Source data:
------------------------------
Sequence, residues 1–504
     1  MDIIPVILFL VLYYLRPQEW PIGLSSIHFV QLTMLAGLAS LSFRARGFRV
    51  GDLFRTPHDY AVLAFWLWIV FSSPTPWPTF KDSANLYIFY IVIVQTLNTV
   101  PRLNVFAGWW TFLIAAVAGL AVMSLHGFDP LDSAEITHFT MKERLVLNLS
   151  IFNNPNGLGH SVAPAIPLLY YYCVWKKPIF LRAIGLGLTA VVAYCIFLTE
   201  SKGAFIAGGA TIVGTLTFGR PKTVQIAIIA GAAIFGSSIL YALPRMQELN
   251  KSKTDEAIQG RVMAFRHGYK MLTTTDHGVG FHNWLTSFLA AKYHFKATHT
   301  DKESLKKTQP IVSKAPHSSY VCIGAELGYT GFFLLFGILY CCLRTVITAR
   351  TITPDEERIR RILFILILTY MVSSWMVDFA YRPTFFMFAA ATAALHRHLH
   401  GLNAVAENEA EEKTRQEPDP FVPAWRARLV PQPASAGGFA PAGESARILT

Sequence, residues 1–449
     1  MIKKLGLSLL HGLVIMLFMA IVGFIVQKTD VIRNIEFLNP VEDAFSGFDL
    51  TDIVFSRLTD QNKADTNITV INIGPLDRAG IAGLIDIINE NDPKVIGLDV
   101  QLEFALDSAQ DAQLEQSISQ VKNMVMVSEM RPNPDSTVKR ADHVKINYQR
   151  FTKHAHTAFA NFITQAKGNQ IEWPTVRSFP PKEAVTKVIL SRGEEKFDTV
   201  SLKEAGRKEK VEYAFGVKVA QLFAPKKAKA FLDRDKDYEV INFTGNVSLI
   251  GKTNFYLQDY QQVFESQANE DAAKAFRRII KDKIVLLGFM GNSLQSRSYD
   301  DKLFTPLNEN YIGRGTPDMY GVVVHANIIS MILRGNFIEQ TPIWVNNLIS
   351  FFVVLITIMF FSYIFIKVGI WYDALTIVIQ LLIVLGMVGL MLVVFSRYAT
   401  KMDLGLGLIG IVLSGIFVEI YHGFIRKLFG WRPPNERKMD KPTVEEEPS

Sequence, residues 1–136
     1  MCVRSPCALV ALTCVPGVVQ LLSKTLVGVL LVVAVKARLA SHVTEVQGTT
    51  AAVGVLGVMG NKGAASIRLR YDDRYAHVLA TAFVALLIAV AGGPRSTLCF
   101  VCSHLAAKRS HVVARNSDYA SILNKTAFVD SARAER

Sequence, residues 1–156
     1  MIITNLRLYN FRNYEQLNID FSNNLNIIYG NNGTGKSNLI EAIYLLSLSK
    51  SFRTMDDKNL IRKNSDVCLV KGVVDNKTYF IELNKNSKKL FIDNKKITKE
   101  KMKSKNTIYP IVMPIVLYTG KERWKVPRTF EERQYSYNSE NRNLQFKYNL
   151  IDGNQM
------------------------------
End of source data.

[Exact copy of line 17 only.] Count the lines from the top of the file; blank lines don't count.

   251  GKTNFYLQDY QQVFESQANE DAAKAFRRII KDKIVLLGFM GNSLQSRSYD